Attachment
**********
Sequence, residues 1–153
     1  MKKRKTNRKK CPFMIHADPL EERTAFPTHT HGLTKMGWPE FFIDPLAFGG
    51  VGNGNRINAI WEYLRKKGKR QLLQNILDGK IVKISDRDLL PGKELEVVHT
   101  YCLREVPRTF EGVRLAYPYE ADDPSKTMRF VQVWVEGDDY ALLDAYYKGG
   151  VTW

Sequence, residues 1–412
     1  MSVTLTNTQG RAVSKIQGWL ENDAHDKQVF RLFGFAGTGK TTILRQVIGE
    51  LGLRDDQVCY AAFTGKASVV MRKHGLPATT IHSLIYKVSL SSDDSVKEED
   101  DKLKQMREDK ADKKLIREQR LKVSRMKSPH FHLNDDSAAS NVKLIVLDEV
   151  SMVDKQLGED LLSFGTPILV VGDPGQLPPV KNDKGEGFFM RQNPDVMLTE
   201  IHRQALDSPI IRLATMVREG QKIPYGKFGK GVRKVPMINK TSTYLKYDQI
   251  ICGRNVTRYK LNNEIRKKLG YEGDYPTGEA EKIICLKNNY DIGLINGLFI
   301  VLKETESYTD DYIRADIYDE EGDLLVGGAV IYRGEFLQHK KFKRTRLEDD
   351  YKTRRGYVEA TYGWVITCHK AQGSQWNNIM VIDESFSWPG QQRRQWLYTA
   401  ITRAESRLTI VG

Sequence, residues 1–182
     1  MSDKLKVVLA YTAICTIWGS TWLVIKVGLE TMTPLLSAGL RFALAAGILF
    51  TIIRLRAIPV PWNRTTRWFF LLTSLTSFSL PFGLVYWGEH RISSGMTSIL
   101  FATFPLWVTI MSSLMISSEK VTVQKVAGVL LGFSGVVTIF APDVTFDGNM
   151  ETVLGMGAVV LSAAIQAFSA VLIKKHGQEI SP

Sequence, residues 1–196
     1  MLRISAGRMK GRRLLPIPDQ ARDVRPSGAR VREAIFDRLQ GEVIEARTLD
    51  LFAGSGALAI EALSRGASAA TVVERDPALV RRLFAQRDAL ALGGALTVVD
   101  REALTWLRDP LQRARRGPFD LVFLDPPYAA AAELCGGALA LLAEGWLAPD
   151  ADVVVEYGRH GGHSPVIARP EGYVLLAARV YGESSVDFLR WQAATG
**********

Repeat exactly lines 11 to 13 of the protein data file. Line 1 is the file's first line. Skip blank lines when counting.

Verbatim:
   201  IHRQALDSPI IRLATMVREG QKIPYGKFGK GVRKVPMINK TSTYLKYDQI
   251  ICGRNVTRYK LNNEIRKKLG YEGDYPTGEA EKIICLKNNY DIGLINGLFI
   301  VLKETESYTD DYIRADIYDE EGDLLVGGAV IYRGEFLQHK KFKRTRLEDD